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Book Club
"Hillbilly Elegy" by J.D. Vance
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Contact
Cynthia White
530/458-7671

Morse Conference Room
Main Branch
Colusa, CA  95932



Meeting Date: September 20, 2018


From a former marine and Yale Law School graduate, a powerful account of growing up in a poor Rust Belt town that offers a broader, probing look at the struggles of America’s white working class

Hillbilly Elegy is a passionate and personal analysis of a culture in crisis—that of white working-class Americans. The decline of this group, a demographic of our country that has been slowly disintegrating over forty years, has been reported on with growing frequency and alarm, but has never before been written about as searingly from the inside. J. D. Vance tells the true story of what a social, regional, and class decline feels like when you were born with it hung around your neck.

The Vance family story begins hopefully in postwar America. J. D.’s grandparents were “dirt poor and in love,” and moved north from Kentucky’s Appalachia region to Ohio in the hopes of escaping the dreadful poverty around them. They raised a middle-class family, and eventually their grandchild (the author) would graduate from Yale Law School, a conventional marker of their success in achieving generational upward mobility.

But as the family saga of Hillbilly Elegy plays out, we learn that this is only the short, superficial version. Vance’s grandparents, aunt, uncle, sister, and, most of all, his mother, struggled profoundly with the demands of their new middle-class life, and were never able to fully escape the legacy of abuse, alcoholism, poverty, and trauma so characteristic of their part of America. Vance piercingly shows how he himself still carries around the demons of their chaotic family history.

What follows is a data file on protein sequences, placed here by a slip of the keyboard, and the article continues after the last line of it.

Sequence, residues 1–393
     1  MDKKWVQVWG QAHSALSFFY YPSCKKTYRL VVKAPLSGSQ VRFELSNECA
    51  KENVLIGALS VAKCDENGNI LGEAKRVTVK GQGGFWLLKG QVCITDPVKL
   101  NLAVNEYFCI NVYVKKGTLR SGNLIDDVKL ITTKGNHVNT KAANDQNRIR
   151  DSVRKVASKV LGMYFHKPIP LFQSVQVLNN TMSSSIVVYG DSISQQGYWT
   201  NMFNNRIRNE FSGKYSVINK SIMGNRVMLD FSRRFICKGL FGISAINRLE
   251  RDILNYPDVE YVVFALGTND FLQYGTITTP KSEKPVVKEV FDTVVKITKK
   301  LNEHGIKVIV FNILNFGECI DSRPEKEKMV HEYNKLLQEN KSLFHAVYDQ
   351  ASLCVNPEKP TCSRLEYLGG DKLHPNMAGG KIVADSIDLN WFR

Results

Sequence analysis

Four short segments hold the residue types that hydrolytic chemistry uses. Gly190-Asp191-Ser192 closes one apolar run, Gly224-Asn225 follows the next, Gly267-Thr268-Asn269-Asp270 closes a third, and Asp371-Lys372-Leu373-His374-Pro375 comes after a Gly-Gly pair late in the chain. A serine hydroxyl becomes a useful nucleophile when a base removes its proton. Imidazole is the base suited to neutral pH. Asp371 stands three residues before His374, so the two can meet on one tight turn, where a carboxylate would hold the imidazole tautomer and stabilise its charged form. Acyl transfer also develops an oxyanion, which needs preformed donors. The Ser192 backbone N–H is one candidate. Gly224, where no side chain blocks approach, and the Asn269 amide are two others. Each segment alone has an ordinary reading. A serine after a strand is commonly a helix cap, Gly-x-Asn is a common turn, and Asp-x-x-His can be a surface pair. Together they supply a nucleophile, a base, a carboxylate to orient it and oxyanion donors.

A deeply moving memoir with its share of humor and vividly colorful figures, Hillbilly Elegy is the story of how upward mobility really feels. And it is an urgent and troubling meditation on the loss of the American dream for a large segment of this country.


Upcoming Selections & Meeting Dates
November 13:  Immortal Irishman by Tim Egan
January 10:  There There by Tommy Orange
February 28:  All They Will Call You by Tim Hernandez
April 11:  Virginia Yerxa Community Read
May 9:  The Alice Network by Kate Quinn


Past Selections
May 2018: The Nightingale by Kristin Hannah
April 2018: The Book of Joy by His Holiness the Dalai Lama and Archbishop Desmond Tutu
March 2018: The Sport of Kings by C.E. Morgan
January 2018: Barkskins
 by Annie Proulx
December 2017: 
The Japanese Lover by Isabel Allende
October 2017:  Behind the Beautiful Forevers by Katherine Boo
September 2017:  Marriage of Opposites by Alice Hoffman
May 2017: The Green Road by Anne Enright
March/April 2017: A Tree Grows in Brooklyn by Betty Smith
February 2017: Wintering by Peter Geye
January 2017: 11-22-63 by Stephen King